“There’s more that needs to be done to make sure people aren’t being harmed, and the last thing I want is to ever be in a position where anything I say or do overshadows that.”
A former state lawmaker and member of Congress, Kreidler was elected insurance commissioner in 2000. He is the top state regulator of Washington’s insurance industry, which includes approving rates and advocating for consumers and policyholders, with an annual salary of $140,110.
As commissioner, Kreidler has advocated for federal Affordable Care Act and reproductive health care, and founded a national climate-change working group among insurance officials. In Washington, he has pushed to make sure insurance companies cover medically necessary gender-affirming treatments and has worked to safeguard consumers against surprise health care bills.
And for the past two years, Kreidler has taken on the insurance industry in a quest to ban the use of credit scores to help determine insurance rates, calling it a discriminatory practice that hurts people in marginalized communities.
But for Sandra Murphy, a former executive assistant whom Kreidler asked to speak with his Korean neighbors, the experience led her to try to avoid him in the office.
“It made me feel awkward and uncomfortable and like I had no power,” said Murphy.
“An abuse of power”
Murphy, who is Korean American, recalled how Kreidler walked into her office to ask if Genghis Khan had invaded Korea, and whether she had any Mongol ancestry.
Murphy also said Kreidler more than once asked her to come to his home in Olympia to help communicate with Kreidler’s Korean neighbors over a shared water system.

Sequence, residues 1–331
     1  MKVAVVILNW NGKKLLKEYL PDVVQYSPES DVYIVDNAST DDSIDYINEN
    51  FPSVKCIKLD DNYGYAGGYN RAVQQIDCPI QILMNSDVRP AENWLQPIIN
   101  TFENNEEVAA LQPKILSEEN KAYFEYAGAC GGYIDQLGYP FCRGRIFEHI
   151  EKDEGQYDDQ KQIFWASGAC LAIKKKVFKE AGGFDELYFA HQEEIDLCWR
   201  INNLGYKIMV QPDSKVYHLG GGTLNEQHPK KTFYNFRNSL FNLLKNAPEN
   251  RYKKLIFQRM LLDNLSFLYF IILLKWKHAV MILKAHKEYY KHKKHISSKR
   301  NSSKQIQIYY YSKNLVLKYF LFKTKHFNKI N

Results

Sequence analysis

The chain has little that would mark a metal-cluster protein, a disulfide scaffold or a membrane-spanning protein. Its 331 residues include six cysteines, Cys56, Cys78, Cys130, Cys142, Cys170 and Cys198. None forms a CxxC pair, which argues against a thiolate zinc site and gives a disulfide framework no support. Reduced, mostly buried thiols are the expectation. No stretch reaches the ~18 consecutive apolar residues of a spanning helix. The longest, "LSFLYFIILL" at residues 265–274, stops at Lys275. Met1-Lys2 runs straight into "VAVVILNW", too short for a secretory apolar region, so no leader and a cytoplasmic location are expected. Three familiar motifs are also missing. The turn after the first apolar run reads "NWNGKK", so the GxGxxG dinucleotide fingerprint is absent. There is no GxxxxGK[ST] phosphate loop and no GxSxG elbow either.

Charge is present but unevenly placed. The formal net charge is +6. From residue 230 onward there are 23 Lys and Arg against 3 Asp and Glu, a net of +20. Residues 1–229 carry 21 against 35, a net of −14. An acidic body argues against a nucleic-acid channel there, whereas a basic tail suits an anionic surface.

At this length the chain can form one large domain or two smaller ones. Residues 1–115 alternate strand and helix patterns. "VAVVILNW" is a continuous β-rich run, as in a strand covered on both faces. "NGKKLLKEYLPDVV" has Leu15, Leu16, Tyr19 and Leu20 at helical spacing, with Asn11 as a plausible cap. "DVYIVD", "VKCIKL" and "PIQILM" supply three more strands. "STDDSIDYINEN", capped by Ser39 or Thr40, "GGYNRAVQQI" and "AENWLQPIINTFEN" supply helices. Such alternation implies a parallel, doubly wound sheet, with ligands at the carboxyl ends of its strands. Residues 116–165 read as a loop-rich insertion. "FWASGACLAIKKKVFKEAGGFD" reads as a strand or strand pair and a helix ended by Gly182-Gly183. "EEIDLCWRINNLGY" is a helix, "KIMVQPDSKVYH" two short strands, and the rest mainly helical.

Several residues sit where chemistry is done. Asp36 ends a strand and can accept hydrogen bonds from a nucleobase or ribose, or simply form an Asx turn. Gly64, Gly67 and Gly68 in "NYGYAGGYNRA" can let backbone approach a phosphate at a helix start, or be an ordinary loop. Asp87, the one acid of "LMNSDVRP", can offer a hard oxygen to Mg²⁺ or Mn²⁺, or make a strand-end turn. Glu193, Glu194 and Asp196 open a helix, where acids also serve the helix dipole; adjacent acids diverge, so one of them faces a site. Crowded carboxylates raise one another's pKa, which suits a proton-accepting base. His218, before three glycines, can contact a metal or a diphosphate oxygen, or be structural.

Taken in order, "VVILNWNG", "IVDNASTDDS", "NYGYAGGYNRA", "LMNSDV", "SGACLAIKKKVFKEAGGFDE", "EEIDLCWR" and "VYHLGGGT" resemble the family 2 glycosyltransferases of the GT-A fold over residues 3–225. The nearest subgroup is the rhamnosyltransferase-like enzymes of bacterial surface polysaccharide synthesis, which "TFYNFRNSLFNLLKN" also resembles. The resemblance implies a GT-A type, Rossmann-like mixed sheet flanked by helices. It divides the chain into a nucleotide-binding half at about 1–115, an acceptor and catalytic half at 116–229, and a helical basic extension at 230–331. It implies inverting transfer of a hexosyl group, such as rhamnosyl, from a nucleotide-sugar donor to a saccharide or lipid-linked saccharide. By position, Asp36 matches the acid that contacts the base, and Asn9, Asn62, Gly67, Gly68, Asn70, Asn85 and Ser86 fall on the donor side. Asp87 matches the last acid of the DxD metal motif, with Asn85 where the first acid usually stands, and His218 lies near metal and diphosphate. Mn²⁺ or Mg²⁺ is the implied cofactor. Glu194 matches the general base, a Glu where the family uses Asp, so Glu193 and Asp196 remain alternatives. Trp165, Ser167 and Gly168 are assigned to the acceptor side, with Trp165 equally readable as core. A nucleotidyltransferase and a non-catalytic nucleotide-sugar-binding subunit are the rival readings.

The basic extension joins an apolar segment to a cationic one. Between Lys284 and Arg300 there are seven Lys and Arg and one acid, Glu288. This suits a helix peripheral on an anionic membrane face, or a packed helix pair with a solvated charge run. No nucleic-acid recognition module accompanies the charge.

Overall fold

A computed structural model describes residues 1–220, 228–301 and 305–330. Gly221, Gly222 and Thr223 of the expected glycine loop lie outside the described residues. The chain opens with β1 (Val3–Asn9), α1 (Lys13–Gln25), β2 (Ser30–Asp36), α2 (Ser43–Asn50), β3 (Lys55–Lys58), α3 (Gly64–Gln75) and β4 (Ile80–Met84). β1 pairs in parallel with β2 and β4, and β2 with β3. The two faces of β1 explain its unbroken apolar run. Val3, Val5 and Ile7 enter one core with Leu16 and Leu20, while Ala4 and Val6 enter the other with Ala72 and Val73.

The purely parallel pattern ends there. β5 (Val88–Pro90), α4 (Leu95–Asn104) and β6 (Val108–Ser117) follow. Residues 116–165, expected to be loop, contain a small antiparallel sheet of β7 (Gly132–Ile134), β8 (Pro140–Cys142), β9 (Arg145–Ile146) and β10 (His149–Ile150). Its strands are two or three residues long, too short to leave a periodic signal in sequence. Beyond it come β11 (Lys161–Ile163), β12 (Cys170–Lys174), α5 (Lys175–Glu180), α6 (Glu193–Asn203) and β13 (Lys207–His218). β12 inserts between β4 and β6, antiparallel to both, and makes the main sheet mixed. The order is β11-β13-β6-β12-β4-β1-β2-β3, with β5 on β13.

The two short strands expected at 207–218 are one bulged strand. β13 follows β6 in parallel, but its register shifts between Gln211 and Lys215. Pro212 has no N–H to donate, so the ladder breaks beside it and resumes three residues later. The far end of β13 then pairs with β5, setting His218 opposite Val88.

“I need you to come talk to my neighbors, their accent is so thick … they’re your people, so you could probably communicate better than I could,” recounted Murphy, who said she speaks some Korean. Murphy said she declined several times to help negotiate.
“To me it felt like an abuse of power,” said Murphy, adding later: “It makes me feel mad even to this day.” Murphy ultimately took a pay cut, she said, to leave the office for another job.
Kreidler acknowledged both incidents, but said that he had only asked about the water system in a joking way: “I was being facetious. It was a joke. Obviously, I failed.”
In another instance, one day a few years ago, a couple of staffers gathered with Kreidler to prepare him for an interview that would include a discussion of policy issues involving transgender people.
As staff explained to Kreidler basic terminology, however, one employee recounted that, “He kind of popped off, like, ‘So what are we talking about, men with tits?'”
“I was stunned, that’s not the kind of thing you say,” said the employee, who left the agency earlier this year.
That employee’s supervisor was also in the meeting and confirmed that account, adding that he spoke with Kreidler about it the next day.
Former policy analyst Tabba Alam recounted how in 2019 Kreidler was planning a trip to India. Alam said Kreidler requested his help choosing hotels and answering questions about security while traveling.
“For a couple of days, I had to be constantly on call with my father asking him to reach out to security people, to other people as to how to make [Kreidler’s] stay out there comfortable,” said Alam, whose father lives in India. Alam’s supervisor, who has since left the agency, independently confirmed the incident.
That trip, planned for March 2020, was to be a mix of business and personal time for Kreidler, according to a statement from Kreidler’s office. It ultimately was canceled due to the COVID-19 pandemic.
“The Commissioner’s recollection is that he sought advice from Mr. Alam and that Mr. Alam did not appear to be hesitant or concerned about providing what help he could,” according to the statement.
Another former employee, Bonita Campo, was hired as Kreidler’s executive assistant in December 2018. A few months after that, she recalls, Kreidler was invited to speak at a climate change conference in Switzerland, and Campo arranged his travel.